Happy Hour

A weekly snapshot of Happy Hours around the region…

Everyday, open-7 p.m., $1.75 highballs, $2.50 house chardonnay, $2.00 drafts, $1.00 off everything else.
310 Cass St., Traverse City

Sunday-Thursday, 3-6 p.m., $1 off all drinks.
422 North 5th St., Roscommon

Lulu's Bistro
Thursdays, 5-9 p.m., $3 wells, $2 off drafts, select $5 wines.
213 N. Bridge St., Bellaire

Boyne River Inn
Everyday, 3-6 p.m., 1/4 off drinks.
229 Water St., Boyne City
Rendezvous Lounge, Odawa Casino
Thursday & Friday, $2.25 domestic drafts, $3.25 well drinks, $3.25 house wine.
1760 Lears Rd., Petoskey

Choice Bits!

Round-the-region snapshots of the dining scene. 

RUTHIE'S CHICKEN & DAIRY TWIST: Roasted chicken and ice cream, malts and shakes.
201 N. Bridge Ln., Bellaire. 213­-533­-8538.

Practically an Up North institution, the place to find out the latest fishing or snowmobile news from the locals and visitors who gather for their hearty breakfasts, steaks, burgers, soup & salad bar, & homemade desserts.
10921 Main St., Honor. 231­ 352­6585.

When you've worked up an appetite from all the bowling and karaoke that Boyne City Lanes has to offer, you'll find a selection of hearty fare to choose from, including homemade soups & desserts. Cocktails are served at the Lanes,with live entertainment and glow ­bowling nights.
1199 West Boyne Road, 231-­582­-6353.

Open 7 days a week for lunch & dinner. Full Chinese menu, as well as Hunan & Szechuan entrees.  Daily specials, special combination plates,  a lunch & dinner All You Can Eat Buffet. 
616 S. Mitchell St., Cadillac, 231­-876­-8888.

Take a trip back to the '50s where chili dogs & frosted mugs of root beer are still served up by carhops at this All ­American institution. Elvis has been known to make an appearance during their annual summer “A&W Cruise Night” in August, as do cars from the 50’s and 60’s that we remember well.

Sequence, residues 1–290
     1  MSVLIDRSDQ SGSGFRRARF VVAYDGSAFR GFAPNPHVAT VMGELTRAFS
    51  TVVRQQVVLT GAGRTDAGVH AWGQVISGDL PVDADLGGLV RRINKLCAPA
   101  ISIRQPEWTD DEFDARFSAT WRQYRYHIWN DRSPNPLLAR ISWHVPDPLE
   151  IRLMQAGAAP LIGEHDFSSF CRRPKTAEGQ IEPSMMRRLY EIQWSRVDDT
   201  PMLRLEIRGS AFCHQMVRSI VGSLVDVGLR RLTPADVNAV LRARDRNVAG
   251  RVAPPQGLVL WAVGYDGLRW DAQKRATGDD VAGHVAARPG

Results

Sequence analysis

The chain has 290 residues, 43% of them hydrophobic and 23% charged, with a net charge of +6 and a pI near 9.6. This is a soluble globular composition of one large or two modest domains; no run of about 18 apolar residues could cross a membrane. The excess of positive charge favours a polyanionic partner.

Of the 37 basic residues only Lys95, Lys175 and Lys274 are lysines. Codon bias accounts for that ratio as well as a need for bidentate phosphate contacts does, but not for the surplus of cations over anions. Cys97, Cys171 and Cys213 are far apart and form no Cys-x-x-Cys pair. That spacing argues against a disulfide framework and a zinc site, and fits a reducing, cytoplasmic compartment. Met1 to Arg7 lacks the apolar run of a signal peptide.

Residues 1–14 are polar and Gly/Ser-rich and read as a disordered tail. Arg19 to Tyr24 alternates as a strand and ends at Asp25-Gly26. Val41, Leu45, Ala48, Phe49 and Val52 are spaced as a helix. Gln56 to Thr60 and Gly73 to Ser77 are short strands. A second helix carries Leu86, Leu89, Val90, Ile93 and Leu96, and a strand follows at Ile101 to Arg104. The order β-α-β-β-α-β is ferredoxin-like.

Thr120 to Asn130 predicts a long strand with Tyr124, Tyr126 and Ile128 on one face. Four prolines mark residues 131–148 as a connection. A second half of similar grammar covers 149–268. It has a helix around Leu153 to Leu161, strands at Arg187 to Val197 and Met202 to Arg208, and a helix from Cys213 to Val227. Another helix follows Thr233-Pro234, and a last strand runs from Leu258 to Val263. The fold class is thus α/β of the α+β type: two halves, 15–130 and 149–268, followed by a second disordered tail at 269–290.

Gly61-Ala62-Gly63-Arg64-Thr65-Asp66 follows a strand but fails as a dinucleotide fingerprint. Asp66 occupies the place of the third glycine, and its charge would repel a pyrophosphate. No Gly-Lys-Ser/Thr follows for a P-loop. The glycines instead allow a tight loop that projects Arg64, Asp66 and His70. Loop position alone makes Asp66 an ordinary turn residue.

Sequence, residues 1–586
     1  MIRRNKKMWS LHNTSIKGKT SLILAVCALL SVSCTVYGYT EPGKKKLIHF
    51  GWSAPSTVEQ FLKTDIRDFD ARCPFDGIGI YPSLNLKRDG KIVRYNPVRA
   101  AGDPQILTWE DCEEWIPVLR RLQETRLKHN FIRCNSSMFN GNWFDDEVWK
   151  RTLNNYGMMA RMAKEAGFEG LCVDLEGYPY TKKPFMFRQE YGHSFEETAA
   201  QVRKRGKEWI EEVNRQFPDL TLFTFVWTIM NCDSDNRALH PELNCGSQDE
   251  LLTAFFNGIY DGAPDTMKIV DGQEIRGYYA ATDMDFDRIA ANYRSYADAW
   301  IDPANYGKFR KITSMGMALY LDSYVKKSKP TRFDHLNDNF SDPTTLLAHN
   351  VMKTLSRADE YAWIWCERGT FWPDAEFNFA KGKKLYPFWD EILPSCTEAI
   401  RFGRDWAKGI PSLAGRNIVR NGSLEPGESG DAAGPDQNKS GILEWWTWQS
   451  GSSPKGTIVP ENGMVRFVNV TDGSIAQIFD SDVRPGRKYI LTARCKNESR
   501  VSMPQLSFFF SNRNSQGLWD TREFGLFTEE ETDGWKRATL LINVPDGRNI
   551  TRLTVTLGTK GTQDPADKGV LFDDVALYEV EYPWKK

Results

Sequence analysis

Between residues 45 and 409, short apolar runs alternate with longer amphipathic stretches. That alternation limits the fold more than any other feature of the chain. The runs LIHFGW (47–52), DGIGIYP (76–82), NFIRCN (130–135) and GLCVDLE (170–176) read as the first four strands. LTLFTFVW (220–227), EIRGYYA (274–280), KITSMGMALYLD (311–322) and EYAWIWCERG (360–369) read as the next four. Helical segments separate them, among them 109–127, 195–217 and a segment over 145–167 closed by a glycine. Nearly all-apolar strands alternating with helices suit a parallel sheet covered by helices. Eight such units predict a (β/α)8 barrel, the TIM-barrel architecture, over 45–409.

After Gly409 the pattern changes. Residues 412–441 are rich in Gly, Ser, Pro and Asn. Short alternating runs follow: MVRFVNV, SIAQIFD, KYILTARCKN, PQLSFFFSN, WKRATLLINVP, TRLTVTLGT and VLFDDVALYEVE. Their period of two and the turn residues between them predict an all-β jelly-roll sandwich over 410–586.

At the bottom of the hill, 21 Lake St., Frankfort,  231-­352-­9021.

From Antler Ale to Wolverine Wheat, Big Buck specializes in microbrewed beers. Offering the usual beef and buffalo burgers, steaks, and ribs, plus more unusual fare, like their portabella sandwich with red onion marmalade and provolone cheese.
550 S. Wisconsin Avenue, Gaylord, 989­-732-­5781.

A refined atmosphere, subdued lighting, and an appetizing selection of epicurean treats awaits the diner at this Harbor Springs corner landmark. Menu selections range from their smoked whitefish ravioli appetizer to their Atlantic salmon, baked polenta and eggplant, tomato basil fettuccine, or filet mignon ­ and their brunches include one of the best versions of Eggs Benedict around.
101 State Street, downtown across from Bar Harbor, 231­-526-­1904.

Pool tables, a full bar, friendly service and a varied menu make the Village Inn popular with families and locals.  Dinners include Lamb Skewers, Blue Corn Enchiladas, Charbroiled Whitefish, Lasagna and Ribeye.  Also burgers, sandwiches, salads, appetizers and pizza.  Lunch and Dinner.
Just north of the blinking light 116601 Lacorre Ave. on M­22,  Empire. 231-326­-5101.

One of Petoskey's first restaurants, Jesperson's is famous for homemade pies and fresh turkey. Breakfast and lunch.
312 Howard, Petoskey, 231­-347­-3601.
Located in Building 50, grilled panini's, soups, wraps, baked goods, specialty coffees and teas.
1200 W. 11th St., Traverse City, 231-­947­-7740.

Home · Articles · News · Dining · The Dutch Oven
. . . .

The Dutch Oven

Kristi Kates - December 14th, 2009
Rustic Meets Gourmet at
The Dutch Oven
By Kristi Kates
Some 70 years ago, The Dutch Oven Bakery and Cafe in Alanson was a
rustic log cabin. Today, it’s a bustling local business where John and
Theresa Sirvaitis offer their locally-legendary baked goods and
breakfast and lunch items, while holding on to their own little piece
of the American dream.